How much of a liability is President Joe Biden to Democrats running in the 2022 midterms? So much so that one of the top House Dems refused to answer whether or not candidates should run as “Biden Democrats” this November.
In an interview with Politico, House Majority Leader Rep. Steny Hoyer of Maryland wouldn’t say whether or not hopefuls should attach themselves to the president, whose poll numbers have been sinking.
In recent weeks, a number of key Democrats have snubbed Biden at major events or have made it clear they don’t want the president campaigning for them. (We’ve seen this coming for a long time here at The Western Journal — and we’ve been on top of what Biden’s agenda would mean for America from the start. You can help us bring America the truth by subscribing.)
In the interview, published Jan. 25, Hoyer “didn’t answer a question about whether frontliners should run as ‘Biden Democrats’ and campaign with the president,” Politico reported.
“In August, the [Democratic Congressional Campaign Committee] suggested they should, but Biden’s poll numbers have fallen drastically since then.”
“I want every Democrat to run as ‘Democrats who deliver,’” Hoyer said in response.
“Point to the record. Point to what was done.”
This might not be the wisest move; inflation, spending, dashed promises and no end in sight to the pandemic aren’t necessarily things to run on — either for the administration or for Congress.
However, it beats the DCCC’s suggestion back in August, which was to lean in to the president’s agenda and get it through Congress.
Politico reported at the time that the group’s roadmap to winning, based on a July survey, was this: “Run as ‘Biden Democrats.’”
“The point is, to make sure that we’re all on the same page, that we understand the stakes,” said DCCC executive director Tim Persico said. “Here’s the good news: Everything we are doing and everything we’ve talked about doing is incredibly popular.”
“If [Democrats] use” the data and the strategy, he predicted, “we’re going to hold the House. That’s what this data tells us, but we gotta get in action.”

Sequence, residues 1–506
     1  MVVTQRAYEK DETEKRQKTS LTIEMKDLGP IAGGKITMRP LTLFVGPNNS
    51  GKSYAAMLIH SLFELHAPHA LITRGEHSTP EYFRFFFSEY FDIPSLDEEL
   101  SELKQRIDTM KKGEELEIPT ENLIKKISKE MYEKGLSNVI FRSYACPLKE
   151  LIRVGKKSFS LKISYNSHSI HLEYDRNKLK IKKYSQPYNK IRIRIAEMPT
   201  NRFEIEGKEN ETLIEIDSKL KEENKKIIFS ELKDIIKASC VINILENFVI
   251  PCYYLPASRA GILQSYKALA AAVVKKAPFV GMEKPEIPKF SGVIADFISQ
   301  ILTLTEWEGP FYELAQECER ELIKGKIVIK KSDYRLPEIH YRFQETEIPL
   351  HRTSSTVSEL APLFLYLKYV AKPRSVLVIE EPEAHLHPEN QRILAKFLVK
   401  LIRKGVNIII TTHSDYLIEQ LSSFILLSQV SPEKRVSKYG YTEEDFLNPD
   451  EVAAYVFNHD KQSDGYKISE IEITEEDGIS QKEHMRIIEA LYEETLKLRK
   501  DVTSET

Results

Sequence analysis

That was dumb then, but even dumber now. In a segment last week on MSNBC, longtime Washington insider Jim Vandehei — Axios’ co-founder and CEO — said that “Democrats are spooked by the idea of appearing with Joe Biden — which, I think, speaks to his standing inside of the party, given that his poll numbers are in somewhere in the low 40s.”
The month of January managed to ably prove this.
Early in the month, Biden visited Atlanta to give a speech in which he announced he was requesting the Senate invoke the “nuclear option” and do away with the filibuster on the Democrats’ voting overhaul legislation. Notably absent was gubernatorial candidate Stacey Abrams — who, according to the Atlanta Journal-Constitution, had a scheduling conflict.
Given that voting rights are Abrams’ raison d’être politically — so much so she refused to concede the 2018 Georgia gubernatorial race, partially over what she viewed as disenfranchisement — the fact she couldn’t clear her schedule had less to do with the nature of the event as opposed to who was speaking.
Last week, when Biden visited Pennsylvania, the top Democratic candidates for senator and governor — state Lt. Gov. John Fetterman and state Attorney General Josh Shapiro, respectively — declined to join the president. The reason? Scheduling conflicts. Because of course.
And as for Texas Democratic gubernatorial candidate and serial election-loser Beto O’Rourke, he wants Biden to know he’ll have a scheduling conflict on any day that ends with a Y: “I’m not interested in any national politician — anyone outside of Texas — coming into this state to help decide the outcome of this,” he told The Dallas Morning News.
“I think we all want to make sure that we’re working with, listening to and voting with one another here in Texas.”
The only reason he said that, one surmises, is because that necessarily precludes people from Delaware and/or Washington, D.C., from dropping by.
It’s gotten so bad that Steny Hoyer is not only signaling to fellow congressional Democrats that it’s OK to ditch Biden, but he’s sending a message to the current occupant of the White House: Please stop helping. Whether or not he listens is another question entirely — but either way, it’s a black eye of epic proportions.
This article appeared originally on The Western Journal.